Like most, I am not a BNP-Supporter, but I do not feel that the SU should impinge on anybody's freedom of speech. University is a time when students really learn to think and develop ideas for themselves, and censorship of any kind denies the right to do that properly. Although it is very kind of the SU to take responsibility for ensuring that we are not exposed to the BNP, I feel that such a stance is belittling to say the least. I am perfectly capable of coming to my own conclusions, and I am perfectly capable of dealing with extreme ideas.

Furthermore, any publicity is good publicity, and the recent flurry of activity and EGM organised by the SU will ultimately only serve to generate interest and curiosity as far as the BNP are concerned. As I mentioned above, I have no problem with the SU being obviously anti-BNP, but the moment active steps are taken to prevent Nick Griffin from speaking at all he will become an object of curiosity as people seek to find out what the controversy is about. It would be far better simply to quietly make it known that the SU does not wish to be associated with the BNP and let events proceed as planned without further interference or publicity."

Unfortunately, I have just found out that the University has decided not to allow Mr Griffin to speak, and a press statement can be found here.

Now don't get me wrong, I can see that there are some perfectly good practical reasons for the University not wanting to allow such a controversial figure to come and speak. I can also understand that if the nature of his talk was advertised to be racist or otherwise offensive then that provides a basis on which to disallow it.

However, simply to deny someone the right to speak based on who they are is, I believe, wrong. It is certainly not befitting of an institution whose nature should allow its members to be open minded and have the opportunity to come to decisions on their own.

It seems strange that in this country people are so keen to halt freedom of speech in this way, and yet when Mr Griffin, and others such as Abu Hamza have actually got as far as stirring up racial hatred very little has ever been done about it.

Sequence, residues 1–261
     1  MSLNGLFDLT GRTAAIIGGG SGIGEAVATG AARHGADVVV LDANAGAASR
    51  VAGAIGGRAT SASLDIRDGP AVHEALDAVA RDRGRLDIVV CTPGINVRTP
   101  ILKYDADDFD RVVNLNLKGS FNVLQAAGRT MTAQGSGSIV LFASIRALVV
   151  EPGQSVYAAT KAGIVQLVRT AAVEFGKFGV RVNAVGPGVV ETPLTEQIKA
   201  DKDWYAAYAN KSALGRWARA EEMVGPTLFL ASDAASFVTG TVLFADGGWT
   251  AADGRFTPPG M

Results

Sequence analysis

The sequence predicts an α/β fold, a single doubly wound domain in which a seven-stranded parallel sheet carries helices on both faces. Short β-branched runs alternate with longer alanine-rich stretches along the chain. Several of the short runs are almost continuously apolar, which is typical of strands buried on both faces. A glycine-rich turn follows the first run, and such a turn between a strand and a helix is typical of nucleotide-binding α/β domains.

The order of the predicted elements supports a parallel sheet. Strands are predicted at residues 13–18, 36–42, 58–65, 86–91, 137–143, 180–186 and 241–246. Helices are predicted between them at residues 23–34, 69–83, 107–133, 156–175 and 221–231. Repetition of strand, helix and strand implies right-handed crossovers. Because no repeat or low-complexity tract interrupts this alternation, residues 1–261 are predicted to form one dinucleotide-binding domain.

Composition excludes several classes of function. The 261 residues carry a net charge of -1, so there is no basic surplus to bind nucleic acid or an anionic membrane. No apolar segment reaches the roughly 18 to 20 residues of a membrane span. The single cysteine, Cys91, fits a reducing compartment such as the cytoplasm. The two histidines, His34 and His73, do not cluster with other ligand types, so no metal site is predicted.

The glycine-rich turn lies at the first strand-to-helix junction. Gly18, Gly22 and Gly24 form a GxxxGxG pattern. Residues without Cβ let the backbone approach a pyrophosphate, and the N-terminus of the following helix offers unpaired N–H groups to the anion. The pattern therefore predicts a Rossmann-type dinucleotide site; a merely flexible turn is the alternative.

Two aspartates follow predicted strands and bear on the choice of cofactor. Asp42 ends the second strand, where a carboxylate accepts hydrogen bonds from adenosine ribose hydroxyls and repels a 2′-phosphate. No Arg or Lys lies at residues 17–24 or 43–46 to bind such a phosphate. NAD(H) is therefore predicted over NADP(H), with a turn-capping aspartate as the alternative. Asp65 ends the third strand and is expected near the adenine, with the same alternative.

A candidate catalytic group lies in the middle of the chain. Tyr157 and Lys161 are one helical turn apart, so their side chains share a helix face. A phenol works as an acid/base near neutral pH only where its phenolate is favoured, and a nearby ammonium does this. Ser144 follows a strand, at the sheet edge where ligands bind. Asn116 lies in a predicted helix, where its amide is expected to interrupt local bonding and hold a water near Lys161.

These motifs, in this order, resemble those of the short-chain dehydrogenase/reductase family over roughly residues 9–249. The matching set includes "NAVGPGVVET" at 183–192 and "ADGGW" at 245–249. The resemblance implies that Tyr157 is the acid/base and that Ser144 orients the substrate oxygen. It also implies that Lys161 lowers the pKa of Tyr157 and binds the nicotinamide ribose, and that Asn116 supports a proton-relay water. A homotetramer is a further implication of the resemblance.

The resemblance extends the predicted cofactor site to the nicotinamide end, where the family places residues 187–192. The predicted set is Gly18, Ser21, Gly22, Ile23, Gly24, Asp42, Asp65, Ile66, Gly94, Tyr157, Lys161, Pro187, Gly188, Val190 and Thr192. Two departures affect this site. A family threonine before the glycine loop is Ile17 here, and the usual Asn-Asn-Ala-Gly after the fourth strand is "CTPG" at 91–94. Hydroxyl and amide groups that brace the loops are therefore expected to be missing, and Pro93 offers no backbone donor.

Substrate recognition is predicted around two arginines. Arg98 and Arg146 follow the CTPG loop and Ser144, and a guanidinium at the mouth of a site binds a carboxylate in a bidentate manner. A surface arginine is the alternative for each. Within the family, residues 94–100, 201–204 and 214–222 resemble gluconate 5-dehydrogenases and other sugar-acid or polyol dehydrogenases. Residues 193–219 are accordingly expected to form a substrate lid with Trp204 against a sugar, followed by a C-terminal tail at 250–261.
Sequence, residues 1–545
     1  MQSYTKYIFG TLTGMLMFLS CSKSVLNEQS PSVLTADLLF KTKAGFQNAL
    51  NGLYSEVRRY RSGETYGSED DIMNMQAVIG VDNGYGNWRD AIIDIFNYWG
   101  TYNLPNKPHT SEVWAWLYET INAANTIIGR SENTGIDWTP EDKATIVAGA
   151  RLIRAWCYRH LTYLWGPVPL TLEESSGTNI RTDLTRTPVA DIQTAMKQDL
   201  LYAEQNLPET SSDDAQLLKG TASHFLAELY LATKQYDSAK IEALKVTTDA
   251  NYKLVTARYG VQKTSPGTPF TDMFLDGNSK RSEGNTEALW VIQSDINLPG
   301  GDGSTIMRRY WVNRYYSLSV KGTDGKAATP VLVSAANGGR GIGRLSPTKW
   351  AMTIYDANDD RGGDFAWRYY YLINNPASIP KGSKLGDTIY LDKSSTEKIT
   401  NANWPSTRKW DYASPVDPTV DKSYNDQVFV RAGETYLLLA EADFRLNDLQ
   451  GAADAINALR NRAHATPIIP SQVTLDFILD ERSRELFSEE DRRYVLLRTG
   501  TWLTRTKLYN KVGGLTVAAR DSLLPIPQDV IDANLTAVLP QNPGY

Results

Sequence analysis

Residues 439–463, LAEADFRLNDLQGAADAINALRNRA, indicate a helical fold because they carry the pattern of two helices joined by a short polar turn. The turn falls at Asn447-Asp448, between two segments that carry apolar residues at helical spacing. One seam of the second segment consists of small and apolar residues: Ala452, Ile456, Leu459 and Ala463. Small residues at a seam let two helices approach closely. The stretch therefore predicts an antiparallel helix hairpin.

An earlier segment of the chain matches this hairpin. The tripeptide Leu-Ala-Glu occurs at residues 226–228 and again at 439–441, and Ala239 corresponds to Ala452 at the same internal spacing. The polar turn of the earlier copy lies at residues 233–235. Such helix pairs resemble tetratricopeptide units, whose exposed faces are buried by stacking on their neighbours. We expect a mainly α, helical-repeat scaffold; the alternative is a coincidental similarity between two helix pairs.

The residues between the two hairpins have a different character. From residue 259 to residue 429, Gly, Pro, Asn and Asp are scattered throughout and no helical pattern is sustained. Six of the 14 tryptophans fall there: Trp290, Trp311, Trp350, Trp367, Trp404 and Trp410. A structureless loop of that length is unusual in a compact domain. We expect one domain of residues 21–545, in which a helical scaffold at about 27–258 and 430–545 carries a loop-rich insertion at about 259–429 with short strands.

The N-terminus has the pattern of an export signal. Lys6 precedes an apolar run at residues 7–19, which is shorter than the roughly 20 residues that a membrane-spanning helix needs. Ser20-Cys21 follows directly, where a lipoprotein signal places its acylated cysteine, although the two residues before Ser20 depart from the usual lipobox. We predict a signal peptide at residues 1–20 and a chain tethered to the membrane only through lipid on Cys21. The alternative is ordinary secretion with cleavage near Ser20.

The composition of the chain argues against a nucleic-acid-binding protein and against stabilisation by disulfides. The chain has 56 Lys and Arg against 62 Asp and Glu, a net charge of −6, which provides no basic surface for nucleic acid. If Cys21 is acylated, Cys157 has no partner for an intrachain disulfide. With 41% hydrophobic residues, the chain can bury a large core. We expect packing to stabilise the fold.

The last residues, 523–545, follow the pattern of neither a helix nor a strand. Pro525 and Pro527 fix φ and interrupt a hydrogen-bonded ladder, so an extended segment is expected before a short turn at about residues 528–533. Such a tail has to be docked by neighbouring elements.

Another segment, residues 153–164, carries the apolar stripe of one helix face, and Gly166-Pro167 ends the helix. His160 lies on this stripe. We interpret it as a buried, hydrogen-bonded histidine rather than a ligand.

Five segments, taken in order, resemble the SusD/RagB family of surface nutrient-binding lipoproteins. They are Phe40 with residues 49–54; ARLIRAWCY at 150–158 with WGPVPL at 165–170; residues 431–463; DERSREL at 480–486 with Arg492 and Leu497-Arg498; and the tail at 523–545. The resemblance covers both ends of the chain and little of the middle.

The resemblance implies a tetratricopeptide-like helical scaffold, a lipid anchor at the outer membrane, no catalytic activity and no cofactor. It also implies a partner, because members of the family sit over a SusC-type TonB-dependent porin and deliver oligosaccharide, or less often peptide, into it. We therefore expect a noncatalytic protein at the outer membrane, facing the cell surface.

EDIT: I am aware that my last paragraph is inaccurate, especially given that Abu Hamza was recently jailed for seven years. However it still took time for this verdict to be reached, and my point is that I'd rather that there was a better reaction to what someone actually says rather than simply introducing a ban based on what it is presumed that they might say.


I think that the first thing I should do whilst catching up on things I wish to say in the Blogosphere is to say a belated thank-you to all of you who in some way marked my birthday last week. I really appreciated the cards, the texts, the Facebook messages, the generous gifts and the fact that I ended the day laughing as I came back from the pub.

It was strange not being in Oxford for my birthday this year. I didn't get up at the crack of dawn, the streets were not lined with tens of thousands of people and I did not go punting. Nevertheless I enjoyed the amazing weather, which I made the most of by spending much of my day outside in The Parade, and I made sure that despite it being a very busy week I still relaxed and enjoyed myself.

guess who's back, back again...

If you thought that the title might be referring to some sort of competition then I am sorry to disappoint you, as the answer is too obvious to warrant any sort of prize. And no, it's not Slim Shady.

Anyway, it's been a very intense few weeks but having handed in my final piece of coursework this morning I have found myself with a quiet hour to kill on campus and thought that it would be an opportune time to put pen to paper (or fingers to keyboard) and splurge some of the thoughts and observations which I have collected in recent days. Whether I will be compos mentis enough in my sleep-deprived state to grapple in depth with important events such as the recent election or Tony Blair's departure remains to be seen but I hope that you will stick with me nonetheless.

Thursday, May 03, 2007

breaking the silence

If you're wondering why this corner of the blogosphere has been so quiet recently (especially given that it's election time) then perhaps the fact that for the second Thursday running there is still a hive of activity in the office at 11pm might offer some sort of answer. 'Intense' is a very understated description of my course but at least I've enjoyed what I've been doing this week.

Back to it - and normal service will hopefully resume soon...